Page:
But his grandfather made it clear those luxuries were earned by working. It would be a childhood of little tenderness and "unbending rules," Thomas wrote. He made the boys bathe in a teaspoon of water, using laundry detergent instead of soap. And wouldn't let them wear gloves on cold winter mornings when delivering fuel oil. Thomas's first and only embrace with his grandfather would come when he was a grown man.
As unyielding as his grandfather was, though, Thomas credits him with saving his life and making him the person he is. Anderson put his generation's hopes and dreams on a young Thomas's shoulders, demanding he be something more. And he imbued in his grandson ideas, often said in Southern colloquialisms, that Thomas would take from Savannah to the Supreme Court.
In conversation today, Thomas often uses a phrase his grandfather told him as a child: "Play the hand you're dealt." Thomas's wife, Virginia, had a bust of his grandfather made when Thomas first joined the Court. On it is a saying Thomas heard often as a child: "Old man can't is dead. I helped bury him."
"You know, you're a little kid. You say, 'I can't do this, I can't do that.' And he wouldn't hear it," Thomas says.
Anderson also delivered a stern warning to Thomas: "Don't shame me, and don't shame the race." That phrase, too, would haunt Thomas throughout his life.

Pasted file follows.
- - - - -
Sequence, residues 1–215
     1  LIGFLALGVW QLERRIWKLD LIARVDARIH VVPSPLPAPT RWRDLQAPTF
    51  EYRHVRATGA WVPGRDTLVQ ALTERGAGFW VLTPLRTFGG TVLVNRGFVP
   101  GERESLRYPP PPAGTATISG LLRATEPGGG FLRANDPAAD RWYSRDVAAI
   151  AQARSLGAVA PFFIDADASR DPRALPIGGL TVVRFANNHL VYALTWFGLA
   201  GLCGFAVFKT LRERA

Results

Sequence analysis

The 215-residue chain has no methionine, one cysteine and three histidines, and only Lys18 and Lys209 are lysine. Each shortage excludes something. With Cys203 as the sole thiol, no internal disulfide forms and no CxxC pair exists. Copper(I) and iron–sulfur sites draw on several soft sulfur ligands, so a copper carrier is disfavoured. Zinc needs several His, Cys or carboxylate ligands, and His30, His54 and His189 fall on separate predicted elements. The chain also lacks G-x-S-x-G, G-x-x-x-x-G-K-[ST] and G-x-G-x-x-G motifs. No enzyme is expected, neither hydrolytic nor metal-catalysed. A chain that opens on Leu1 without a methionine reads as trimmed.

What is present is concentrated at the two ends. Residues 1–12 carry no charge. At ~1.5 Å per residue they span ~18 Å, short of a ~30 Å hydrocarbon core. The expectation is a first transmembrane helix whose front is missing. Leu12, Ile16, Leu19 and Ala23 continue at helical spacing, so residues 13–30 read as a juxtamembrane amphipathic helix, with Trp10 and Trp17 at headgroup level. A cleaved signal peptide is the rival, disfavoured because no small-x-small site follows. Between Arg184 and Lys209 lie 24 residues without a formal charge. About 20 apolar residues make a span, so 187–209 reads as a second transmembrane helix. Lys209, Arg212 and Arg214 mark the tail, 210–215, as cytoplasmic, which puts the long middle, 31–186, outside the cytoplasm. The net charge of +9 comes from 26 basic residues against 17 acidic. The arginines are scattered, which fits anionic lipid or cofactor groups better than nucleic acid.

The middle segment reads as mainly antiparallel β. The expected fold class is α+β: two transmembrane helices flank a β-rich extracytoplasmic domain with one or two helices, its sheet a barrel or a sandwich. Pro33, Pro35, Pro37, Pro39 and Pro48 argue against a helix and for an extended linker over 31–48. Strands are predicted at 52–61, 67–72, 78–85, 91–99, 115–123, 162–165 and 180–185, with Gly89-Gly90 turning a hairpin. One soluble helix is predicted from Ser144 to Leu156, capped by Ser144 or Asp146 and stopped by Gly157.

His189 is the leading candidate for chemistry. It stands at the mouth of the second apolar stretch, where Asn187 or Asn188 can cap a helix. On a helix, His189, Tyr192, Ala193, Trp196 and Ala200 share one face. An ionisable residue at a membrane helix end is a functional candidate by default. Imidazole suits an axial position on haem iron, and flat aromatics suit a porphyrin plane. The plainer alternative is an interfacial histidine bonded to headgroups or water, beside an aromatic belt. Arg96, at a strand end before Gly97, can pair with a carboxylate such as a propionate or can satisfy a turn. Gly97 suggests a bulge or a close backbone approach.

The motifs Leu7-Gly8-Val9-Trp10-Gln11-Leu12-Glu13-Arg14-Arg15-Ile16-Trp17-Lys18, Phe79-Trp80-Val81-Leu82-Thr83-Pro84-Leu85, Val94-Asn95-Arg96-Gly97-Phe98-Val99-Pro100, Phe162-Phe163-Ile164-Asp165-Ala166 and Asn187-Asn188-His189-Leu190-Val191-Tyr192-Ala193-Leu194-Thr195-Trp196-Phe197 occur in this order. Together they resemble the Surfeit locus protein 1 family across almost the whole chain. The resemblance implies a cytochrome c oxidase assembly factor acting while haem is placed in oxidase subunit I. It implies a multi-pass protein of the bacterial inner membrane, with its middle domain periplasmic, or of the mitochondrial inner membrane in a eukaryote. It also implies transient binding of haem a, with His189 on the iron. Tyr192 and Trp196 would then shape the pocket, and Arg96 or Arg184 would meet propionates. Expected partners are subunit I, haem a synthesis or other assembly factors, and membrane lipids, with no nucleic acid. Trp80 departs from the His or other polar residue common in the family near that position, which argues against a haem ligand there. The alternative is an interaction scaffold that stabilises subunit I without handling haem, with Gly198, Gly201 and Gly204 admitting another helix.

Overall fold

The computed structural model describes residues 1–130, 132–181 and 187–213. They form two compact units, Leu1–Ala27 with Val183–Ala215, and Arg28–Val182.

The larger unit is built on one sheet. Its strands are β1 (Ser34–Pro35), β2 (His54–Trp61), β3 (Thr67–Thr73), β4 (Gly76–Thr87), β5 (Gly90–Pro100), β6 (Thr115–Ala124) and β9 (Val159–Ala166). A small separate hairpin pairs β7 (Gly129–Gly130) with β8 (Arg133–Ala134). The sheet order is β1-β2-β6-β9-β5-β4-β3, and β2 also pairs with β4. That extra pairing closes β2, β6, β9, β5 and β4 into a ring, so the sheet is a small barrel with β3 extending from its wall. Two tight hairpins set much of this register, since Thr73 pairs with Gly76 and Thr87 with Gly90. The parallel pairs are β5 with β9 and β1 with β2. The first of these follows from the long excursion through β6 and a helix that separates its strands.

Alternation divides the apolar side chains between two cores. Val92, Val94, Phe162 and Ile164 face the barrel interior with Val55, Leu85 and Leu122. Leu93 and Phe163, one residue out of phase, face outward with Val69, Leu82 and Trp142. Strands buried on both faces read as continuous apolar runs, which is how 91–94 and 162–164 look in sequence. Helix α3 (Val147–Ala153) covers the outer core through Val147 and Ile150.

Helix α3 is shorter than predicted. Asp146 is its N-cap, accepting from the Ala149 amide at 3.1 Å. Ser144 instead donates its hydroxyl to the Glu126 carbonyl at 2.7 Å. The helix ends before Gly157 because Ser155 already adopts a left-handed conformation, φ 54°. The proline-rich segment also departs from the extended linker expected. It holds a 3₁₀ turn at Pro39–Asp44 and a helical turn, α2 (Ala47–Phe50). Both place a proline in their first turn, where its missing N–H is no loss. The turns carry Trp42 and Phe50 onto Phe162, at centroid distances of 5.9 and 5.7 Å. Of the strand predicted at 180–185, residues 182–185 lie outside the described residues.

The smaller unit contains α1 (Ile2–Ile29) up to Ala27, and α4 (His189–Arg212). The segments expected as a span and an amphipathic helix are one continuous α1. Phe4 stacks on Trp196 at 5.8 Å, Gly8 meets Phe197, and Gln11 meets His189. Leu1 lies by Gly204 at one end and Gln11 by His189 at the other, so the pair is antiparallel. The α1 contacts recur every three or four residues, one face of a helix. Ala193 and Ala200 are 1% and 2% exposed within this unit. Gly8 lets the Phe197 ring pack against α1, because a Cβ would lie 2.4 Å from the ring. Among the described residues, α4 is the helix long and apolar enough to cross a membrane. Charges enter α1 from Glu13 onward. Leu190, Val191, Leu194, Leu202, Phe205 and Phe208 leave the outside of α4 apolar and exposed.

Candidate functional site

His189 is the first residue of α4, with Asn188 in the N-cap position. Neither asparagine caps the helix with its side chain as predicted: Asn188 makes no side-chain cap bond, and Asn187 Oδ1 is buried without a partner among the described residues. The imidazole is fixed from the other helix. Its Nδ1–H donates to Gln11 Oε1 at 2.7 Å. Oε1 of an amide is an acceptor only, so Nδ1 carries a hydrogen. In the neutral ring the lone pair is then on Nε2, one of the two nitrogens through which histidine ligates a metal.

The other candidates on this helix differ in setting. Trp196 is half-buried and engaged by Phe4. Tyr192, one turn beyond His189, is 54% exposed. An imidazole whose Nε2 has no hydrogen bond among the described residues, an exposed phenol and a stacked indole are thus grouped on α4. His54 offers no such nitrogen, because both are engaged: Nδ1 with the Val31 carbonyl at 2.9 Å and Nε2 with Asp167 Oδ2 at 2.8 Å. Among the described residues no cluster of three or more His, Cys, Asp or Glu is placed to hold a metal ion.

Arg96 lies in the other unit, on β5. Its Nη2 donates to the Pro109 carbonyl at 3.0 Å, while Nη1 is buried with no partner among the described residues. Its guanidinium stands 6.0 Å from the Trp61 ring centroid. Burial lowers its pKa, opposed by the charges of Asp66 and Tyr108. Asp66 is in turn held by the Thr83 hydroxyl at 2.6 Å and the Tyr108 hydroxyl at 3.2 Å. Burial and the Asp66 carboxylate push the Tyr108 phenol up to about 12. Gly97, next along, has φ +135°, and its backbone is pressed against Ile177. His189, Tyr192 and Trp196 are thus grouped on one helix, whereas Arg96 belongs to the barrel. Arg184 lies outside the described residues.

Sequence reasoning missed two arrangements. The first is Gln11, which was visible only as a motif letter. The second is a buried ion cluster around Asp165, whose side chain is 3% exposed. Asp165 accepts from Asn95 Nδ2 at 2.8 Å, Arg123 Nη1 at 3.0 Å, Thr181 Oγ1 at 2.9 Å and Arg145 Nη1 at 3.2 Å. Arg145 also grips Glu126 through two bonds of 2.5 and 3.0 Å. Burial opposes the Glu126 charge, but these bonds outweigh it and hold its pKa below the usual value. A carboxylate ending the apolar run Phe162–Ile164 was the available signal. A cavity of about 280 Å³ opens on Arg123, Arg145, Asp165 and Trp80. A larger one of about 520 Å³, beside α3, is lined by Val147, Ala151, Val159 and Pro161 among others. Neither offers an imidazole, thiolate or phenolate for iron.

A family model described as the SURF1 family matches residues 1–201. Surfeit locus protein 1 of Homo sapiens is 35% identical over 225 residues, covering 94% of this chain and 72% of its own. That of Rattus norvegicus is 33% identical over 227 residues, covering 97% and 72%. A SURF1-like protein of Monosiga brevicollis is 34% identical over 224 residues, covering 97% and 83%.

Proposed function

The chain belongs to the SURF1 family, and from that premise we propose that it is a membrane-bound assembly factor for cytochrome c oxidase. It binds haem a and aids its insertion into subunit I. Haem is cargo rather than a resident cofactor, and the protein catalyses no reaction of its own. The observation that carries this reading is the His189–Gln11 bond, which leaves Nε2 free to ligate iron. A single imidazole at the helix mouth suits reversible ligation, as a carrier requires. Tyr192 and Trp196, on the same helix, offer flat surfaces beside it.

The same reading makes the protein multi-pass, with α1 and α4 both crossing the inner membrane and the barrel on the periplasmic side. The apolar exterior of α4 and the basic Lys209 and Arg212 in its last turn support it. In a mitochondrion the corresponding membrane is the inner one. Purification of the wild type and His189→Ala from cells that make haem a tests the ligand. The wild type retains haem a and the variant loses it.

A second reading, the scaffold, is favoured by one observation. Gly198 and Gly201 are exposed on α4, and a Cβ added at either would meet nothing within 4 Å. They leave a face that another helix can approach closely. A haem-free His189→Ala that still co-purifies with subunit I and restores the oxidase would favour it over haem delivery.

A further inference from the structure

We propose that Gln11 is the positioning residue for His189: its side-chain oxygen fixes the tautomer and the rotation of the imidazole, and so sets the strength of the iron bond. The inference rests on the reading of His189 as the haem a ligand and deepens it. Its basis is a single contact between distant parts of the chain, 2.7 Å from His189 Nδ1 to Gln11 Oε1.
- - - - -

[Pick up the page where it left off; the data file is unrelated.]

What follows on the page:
Thomas faced numerous instances of racism throughout his childhood. He grew up in the Jim Crow South, when blacks couldn't go to the same schools, parks, beaches or restaurants. The state enforced that system by law. It was reinforced by countless stories of blacks being brutalized by whites if they strayed out of their "place."
"The system was clear. You'd go to this school. You were supposed to conduct yourself this way. You couldn't walk into this park. You couldn't vote here. You couldn't walk through this neighborhood after dark. There were all of these rules," Thomas says.
"There were no bathrooms for you, no facilities on the road, no place you could stay," Thomas continues. "Now people can go to Travelodge, Motel 8, do whatever they want. You don't think about it. But back then, when you took a trip, you had to plan. The food had to be there. You had to plan where you were going to get gas. You couldn't just go any place."
Thomas went to all-black schools through the 10th grade, but he was conscious even then of distinctions based on class and skin color. He wrote about being insulted by black classmates "because of the darkness of my skin" and says he was referred to as "ABC," or "America's Blackest Child." His only real encounter with whites was with the nuns and the priests.
"We didn't consider them white. They were nuns. You had white priests and white nuns, but they were considered nuns and priests," Thomas says. "That's sort of like thinking of angels. You didn't think of angels as white or black. They were angels."
Thomas, who had grown up as an altar boy, decided he wanted to become a priest. A Catholic boarding school prepared boys for the seminary, so Thomas "dared to leave the comfort zone of segregation," he wrote, and transferred there, enrolling in 10th grade. The school, St. John Vianney, had never admitted a black student. Thomas and another classmate were the only blacks there. The classmate left after a year, leaving Thomas as the only one.